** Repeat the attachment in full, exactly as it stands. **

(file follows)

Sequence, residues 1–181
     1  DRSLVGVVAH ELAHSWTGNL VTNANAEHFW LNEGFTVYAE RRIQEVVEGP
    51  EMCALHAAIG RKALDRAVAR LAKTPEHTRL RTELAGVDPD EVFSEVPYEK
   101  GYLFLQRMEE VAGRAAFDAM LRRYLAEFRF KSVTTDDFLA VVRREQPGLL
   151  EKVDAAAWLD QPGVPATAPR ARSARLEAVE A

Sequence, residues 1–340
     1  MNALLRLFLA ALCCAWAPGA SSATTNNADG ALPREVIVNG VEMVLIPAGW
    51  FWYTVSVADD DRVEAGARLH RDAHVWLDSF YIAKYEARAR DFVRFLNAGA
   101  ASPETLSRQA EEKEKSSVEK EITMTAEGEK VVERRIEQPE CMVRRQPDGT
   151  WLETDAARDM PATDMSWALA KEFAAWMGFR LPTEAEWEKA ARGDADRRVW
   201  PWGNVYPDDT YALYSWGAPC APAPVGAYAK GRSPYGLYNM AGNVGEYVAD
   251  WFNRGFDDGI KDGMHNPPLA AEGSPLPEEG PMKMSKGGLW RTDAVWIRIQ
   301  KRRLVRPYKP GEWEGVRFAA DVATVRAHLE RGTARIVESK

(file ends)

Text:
Sequence, residues 1–181
     1  DRSLVGVVAH ELAHSWTGNL VTNANAEHFW LNEGFTVYAE RRIQEVVEGP
    51  EMCALHAAIG RKALDRAVAR LAKTPEHTRL RTELAGVDPD EVFSEVPYEK
   101  GYLFLQRMEE VAGRAAFDAM LRRYLAEFRF KSVTTDDFLA VVRREQPGLL
   151  EKVDAAAWLD QPGVPATAPR ARSARLEAVE A

Sequence, residues 1–340
     1  MNALLRLFLA ALCCAWAPGA SSATTNNADG ALPREVIVNG VEMVLIPAGW
    51  FWYTVSVADD DRVEAGARLH RDAHVWLDSF YIAKYEARAR DFVRFLNAGA
   101  ASPETLSRQA EEKEKSSVEK EITMTAEGEK VVERRIEQPE CMVRRQPDGT
   151  WLETDAARDM PATDMSWALA KEFAAWMGFR LPTEAEWEKA ARGDADRRVW
   201  PWGNVYPDDT YALYSWGAPC APAPVGAYAK GRSPYGLYNM AGNVGEYVAD
   251  WFNRGFDDGI KDGMHNPPLA AEGSPLPEEG PMKMSKGGLW RTDAVWIRIQ
   301  KRRLVRPYKP GEWEGVRFAA DVATVRAHLE RGTARIVESK